Friday, 8 August 2014

Welford to Foxton

Now that Welford Marina is Patience's new home (and very pleased she is with it!), we have planned several trips to explore our new patch. So Duncan and Jenny set out to head north up the Leicester Arm for the short but delightful 9 miles up to Foxton. It was from Foxton that we set off on our very first family narrow boat holiday in 1994.
With only one lock (that on the Welford arm) between the marina and Foxton Top Lock we had an easy time of it with only the Husband's Bosworth tunnel to negotiate and the rest beautiful calm green countryside and harvested fields, the sun beaming down on us all the way to Foxton for about 4 hours.

We approached the Foxton top lock, turned in the side arm that once lead to the inclined plane and came back under Bridge 60 to moor.

Moorings directly above the Top Lock are best kept for those waiting to go down the locks, or filling up with water.
Above Bridge 60 there were ample moorings, including one Candy Boat supplying sweets.

On arrival we explored the locks and ended up in the Foxton Locks Inn - good grub, good selection of beers, delightful sitting out in sunshine by the waterfront.

Next day we returned to the locks as gongoozlers and admired the way the locks are planned with side ponds to hold the water and direct it to the next lock in the staircase.
The trick, as a boater, is to open the red paddle followed by the white paddle. This fills one lock and empties the next, while directing the water into the pond for re-use. Much more detail here.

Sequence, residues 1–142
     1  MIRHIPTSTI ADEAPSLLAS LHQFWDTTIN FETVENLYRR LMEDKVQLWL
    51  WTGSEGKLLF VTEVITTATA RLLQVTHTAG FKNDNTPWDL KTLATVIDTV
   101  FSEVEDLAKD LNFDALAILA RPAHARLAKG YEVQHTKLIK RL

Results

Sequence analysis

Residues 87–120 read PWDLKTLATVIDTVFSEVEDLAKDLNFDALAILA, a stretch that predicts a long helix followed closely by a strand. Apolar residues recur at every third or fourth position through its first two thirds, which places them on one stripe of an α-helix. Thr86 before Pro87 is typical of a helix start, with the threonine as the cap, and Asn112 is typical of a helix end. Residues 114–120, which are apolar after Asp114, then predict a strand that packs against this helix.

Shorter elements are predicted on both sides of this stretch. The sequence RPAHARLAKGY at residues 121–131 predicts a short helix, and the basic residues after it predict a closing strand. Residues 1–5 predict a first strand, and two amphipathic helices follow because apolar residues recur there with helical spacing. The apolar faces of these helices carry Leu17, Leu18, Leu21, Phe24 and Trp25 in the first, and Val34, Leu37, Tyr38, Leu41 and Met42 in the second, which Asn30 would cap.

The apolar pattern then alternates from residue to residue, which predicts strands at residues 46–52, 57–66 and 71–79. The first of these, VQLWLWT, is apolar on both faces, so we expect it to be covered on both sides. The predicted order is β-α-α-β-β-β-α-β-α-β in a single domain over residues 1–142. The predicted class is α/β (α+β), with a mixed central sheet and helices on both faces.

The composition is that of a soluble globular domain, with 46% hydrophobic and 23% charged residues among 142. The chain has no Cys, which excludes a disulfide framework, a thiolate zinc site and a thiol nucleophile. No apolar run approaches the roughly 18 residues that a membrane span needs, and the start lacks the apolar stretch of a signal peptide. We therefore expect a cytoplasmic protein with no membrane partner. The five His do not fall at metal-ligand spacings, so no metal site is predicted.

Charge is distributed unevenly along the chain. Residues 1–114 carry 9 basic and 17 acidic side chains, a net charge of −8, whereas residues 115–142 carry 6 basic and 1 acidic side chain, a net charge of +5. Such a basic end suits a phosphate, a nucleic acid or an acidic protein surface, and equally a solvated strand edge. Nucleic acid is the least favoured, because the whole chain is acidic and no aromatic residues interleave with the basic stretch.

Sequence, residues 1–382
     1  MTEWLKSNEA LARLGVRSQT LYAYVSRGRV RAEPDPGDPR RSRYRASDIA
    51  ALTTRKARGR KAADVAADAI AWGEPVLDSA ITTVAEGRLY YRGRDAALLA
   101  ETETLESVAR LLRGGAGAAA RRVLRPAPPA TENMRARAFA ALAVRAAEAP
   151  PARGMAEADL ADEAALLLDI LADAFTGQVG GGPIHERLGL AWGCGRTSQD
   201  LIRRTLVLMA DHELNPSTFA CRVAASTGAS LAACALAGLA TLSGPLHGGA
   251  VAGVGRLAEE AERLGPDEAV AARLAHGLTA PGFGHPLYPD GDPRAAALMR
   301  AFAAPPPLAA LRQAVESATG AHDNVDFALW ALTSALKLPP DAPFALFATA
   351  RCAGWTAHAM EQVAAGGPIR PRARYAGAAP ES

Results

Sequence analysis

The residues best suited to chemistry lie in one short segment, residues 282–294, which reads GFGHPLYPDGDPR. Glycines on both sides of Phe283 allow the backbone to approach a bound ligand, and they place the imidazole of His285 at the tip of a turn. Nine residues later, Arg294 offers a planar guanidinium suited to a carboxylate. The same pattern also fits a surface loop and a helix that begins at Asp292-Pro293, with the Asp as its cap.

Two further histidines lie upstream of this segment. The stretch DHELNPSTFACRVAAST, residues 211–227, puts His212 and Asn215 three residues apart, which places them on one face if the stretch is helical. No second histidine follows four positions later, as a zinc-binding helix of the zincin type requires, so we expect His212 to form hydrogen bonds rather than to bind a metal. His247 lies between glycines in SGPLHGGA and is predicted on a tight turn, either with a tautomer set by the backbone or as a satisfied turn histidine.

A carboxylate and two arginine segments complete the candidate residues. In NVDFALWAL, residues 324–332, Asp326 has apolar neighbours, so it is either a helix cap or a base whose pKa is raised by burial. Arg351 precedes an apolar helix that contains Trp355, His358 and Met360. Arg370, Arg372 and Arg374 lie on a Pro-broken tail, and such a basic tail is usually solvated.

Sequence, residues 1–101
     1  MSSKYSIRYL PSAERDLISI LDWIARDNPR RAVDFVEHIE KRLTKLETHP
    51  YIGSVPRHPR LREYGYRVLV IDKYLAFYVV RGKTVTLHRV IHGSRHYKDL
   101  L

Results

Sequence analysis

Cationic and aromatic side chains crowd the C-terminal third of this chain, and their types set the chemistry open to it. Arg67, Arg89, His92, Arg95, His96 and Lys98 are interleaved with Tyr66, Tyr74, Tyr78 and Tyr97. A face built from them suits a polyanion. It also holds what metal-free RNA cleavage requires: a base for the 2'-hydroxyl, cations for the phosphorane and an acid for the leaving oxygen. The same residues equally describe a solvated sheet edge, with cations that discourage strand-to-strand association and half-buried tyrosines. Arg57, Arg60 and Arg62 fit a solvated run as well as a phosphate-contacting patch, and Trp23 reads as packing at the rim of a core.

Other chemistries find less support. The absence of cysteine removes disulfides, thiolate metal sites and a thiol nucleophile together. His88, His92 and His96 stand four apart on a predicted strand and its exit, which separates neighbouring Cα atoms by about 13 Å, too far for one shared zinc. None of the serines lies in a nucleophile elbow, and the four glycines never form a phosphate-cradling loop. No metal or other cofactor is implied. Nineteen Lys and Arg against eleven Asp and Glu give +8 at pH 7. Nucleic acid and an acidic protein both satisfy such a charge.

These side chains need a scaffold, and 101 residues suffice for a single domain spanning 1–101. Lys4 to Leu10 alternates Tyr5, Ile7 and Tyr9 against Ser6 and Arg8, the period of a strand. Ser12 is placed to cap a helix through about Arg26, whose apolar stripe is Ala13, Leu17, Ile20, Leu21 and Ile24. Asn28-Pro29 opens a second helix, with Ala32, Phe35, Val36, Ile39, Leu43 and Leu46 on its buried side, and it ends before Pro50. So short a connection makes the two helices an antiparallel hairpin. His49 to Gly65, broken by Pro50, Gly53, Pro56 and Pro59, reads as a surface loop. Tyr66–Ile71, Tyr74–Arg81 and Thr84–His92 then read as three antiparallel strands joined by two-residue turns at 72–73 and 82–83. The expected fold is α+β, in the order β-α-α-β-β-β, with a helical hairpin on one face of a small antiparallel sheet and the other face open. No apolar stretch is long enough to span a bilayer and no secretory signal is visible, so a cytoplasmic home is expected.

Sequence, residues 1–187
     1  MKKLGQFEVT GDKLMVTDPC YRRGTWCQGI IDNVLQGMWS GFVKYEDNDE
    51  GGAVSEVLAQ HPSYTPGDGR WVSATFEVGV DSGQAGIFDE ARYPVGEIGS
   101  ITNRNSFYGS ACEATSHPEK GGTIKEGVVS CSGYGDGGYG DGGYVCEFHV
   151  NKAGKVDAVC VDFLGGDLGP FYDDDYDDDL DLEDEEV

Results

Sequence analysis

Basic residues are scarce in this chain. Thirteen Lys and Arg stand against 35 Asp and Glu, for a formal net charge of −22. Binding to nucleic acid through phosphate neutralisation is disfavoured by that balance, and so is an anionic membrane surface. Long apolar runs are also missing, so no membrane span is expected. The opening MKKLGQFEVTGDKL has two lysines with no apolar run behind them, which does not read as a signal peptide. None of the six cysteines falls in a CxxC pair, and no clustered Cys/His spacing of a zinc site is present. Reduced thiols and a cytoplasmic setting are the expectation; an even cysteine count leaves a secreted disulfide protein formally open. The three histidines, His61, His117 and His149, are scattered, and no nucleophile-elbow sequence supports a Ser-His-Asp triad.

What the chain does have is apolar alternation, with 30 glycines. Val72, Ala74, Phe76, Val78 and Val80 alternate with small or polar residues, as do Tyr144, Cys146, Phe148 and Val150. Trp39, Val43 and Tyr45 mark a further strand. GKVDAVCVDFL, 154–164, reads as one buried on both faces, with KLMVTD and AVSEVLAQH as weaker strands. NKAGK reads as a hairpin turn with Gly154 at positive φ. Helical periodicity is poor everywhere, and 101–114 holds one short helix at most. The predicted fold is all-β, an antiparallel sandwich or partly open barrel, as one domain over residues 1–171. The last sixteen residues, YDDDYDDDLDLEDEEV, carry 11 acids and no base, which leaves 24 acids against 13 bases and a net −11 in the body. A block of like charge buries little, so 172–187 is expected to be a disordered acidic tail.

Looking up from just below the central pound which divides the two lock staircases so boats can pass each other half way through the flight.
Again looking up the flight, from a vantage point on top of the museum which was the engine house for the inclined plane. The lock keeper's house is the white building at the top.
Looking down from near the top of the flight. This is gongoozler heaven! The museum is the red brick building on the right
The museum is excellent and well worth seeing. It explains the working of locks and this system in particular, the history and significance of Foxton locks and would be of interest to all ages.
The mechanism for the Inclined Plane, which from 1900 to 1911 moved boats speedily up a steep gradient, avoiding the slow and tiring locks and saving water, was sold off for scrap in the 1920's but enough remains to visualise the engineering achievement and envy the system.
 The Inclined Plane in 1900
One of the pulley wheels around which the cables turned, holding the caissons in which the boats sat for their journey up or down the plane.
See The Anderton Lift and The Falkirk Wheel amongst other remarkable boat lifts for ways of moving a boat up or down between water levels.

How wonderful it is that people come from far and wide to be awestruck by engineering ingenuity!

Our return trip (another 9 miles with the Welford lock and the Husbands Bosworth tunnel, was equally attractive and enjoyable. Welford to Foxton - a good trip of two short days with overnight stay. And our new fridge worked brilliantly!

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